For the acceleration -tests 'through .gears the chassis was Started' off n second gear on each occasion and

the figures obtained verified my initial impression that this was one of the liveliest, lightweight bus chassis..ort the road. The direct-drive, times were par: tietilarly •satisfactOry, indicating that gear. changing will be cut to a Minimum even in heavy traffic.

• Three sets . df fuel-consumption :figures were obtained over an undulatitig route which.,..arnong other .hazards, included four sets of traffic lights. The first run • was al m oat non-stop, although the 'indirect ratios had to he used.on tvird occasions:when approaching traffic. light, arid the" .figure 18.9 :m.p.g. recorded by the calibrated test tank is highly commendable.

The next two, tests. were made to simulate light and heavy stage-carriage operation, the first with two stops and the second with six stops every mile. The chassis was accelerated fairly bard after each stop-20 m.p.h. being reached from a standstill in an average tithe of 14.5 seconds—and braking was invariably left to the last 'moment, as is the habit of so many bus drivers.

Thus the figures obtained are fully representative of what might be expected in service during peak periods when a full load is being carried practically the whole time. Unfortunately there Wasinsufficient time to repeat this series of tests under part-load con ... . . ditions, but from previous .experience it would appear that the overall rrionthly fuel-consumption rate on normal, urban bus service should be 17-18 m.p.g.

-Buekstones Road, Shaw. a 11-mile climb with an average gradient of 1 in 12, was used for the hill-climb and . brake-fade tests. The ascent was made in an ambient temperature of 630 and was completed in the Surprisingly short time of 64 minutes.

The lowest gear used during the climbwas third; It was. engaged for 3 Minutes -25 seconds and the minimum speed observed was 15 m.p.h. .Because of the layOut of the radiator, header lank and its filler neck it .Was'imposSible to: take direct Watentemperature readings, but the: instrunient,panel thermometer, which records the cylinder-head temperature, did. not show any marked rise.

Little Brake Fade

The hill was then descended in neutral with the foot brake applied to keep the speed down to 20 m.p.h. This test lasted 471 minutes, and at the bottom of the hill a " crash " stop was made from 20 mph. and the Tapley meter showed that the maximum efficiency had fallen by only 9 per cent., although the unbedded facings were smoking profusely. The value of the moulded facings in preventing fade was shown by the negligible increase in pedal travel during the descent

Returning to the steepest section of the hill, at which point the slope is 1 in 6-f, the chassis was stopped and despite the hot rear drums the hand brake held it reasonably easily. Smooth second-gear restarts were then made using about half throttle and without having to slip the clutch excessively. Acceleration and hill-climb performances obtained during the test seemed to indicate that the 4.77-to-1 axle ratio should be satisfactory even for bus working where there are no exceptionally steep hills.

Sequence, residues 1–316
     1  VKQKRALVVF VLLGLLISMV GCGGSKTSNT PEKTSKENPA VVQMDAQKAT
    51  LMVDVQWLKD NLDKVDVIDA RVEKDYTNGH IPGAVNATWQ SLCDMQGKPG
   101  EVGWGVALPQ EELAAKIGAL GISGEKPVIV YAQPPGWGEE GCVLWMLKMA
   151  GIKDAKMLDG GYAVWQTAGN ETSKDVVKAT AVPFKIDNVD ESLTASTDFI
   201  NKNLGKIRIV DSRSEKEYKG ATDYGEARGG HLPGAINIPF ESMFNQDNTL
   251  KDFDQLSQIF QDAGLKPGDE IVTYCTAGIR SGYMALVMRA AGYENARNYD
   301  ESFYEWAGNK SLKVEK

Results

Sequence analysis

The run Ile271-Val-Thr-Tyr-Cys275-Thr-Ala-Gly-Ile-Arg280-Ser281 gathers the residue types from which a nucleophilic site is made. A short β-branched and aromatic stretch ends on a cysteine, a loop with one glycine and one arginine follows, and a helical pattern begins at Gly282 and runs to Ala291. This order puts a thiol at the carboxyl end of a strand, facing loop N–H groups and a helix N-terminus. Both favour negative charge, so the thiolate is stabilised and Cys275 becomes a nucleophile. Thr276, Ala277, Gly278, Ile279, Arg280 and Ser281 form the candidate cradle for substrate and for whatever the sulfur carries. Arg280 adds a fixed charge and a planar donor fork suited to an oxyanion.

Certainly the overall fuel consumption would be even' better and, in view of the high engine-torque output, the acceleration might also be improved. With the low-ratio axle the standard bottom gear of 6.25 to 1 should become necessary only when making restarts on hills steeper than 1 in 5.

Handles Well

The Pennine Mk. 19 chassis. handles well on the road, the steering being light but positive at normal speeds and by no means heavy at shunting pace. The castor action is of great assistance when cornering quickly.

Indeed, the cornering poWer of the chassis is such that the very sharp left-hand turn in the drive-way leading to the Seddon factory could be taken safely at almost 35 M.p.h., 'at which speed the small private car which was following became decidedly unstable.

The general liveliness of the chassis B32 was outstanding and the gearing gave a maximum speed of approximately 42 m.p.h.: this would be increased to about 54 m.p.h. with the 4.77-to-1 ratio. The suspension appeared to be adequate, so far as could be judged from the driving seat of an open chas sis. Only because the engine idlim speed had been set a little too low wa there any vibration transmitted to th+ frame; at higher speeds it wa absorbed by the rubber mountings.

Engine Maintenance ' So far as maintenance is concerned this new Seddon chassis follows fairl! conventional practice with respect t( the location of the main running units The engine accessories are placed s( that such items as the fuel-injectioi pump.. dynamo and starter can 13+ reached through a floor trap, whils the cylinder heads protrude fron below the off-side frame member fo easy access through hinged skir panels.

• The Pennine Mk. 19 chassis is onl! the second underfloor horizontal engined design to be produced 13! Seddon DieselVehicles, Ltd., but i proves to be a most satisfactory com bination of components. -Its simpliait! and standardized units ensure by initial cost and subsequent mainten ance expense, whilst the straight forward frame layout should simplif! body mounting.


People: John F. Moon, Deen
Locations: Manchester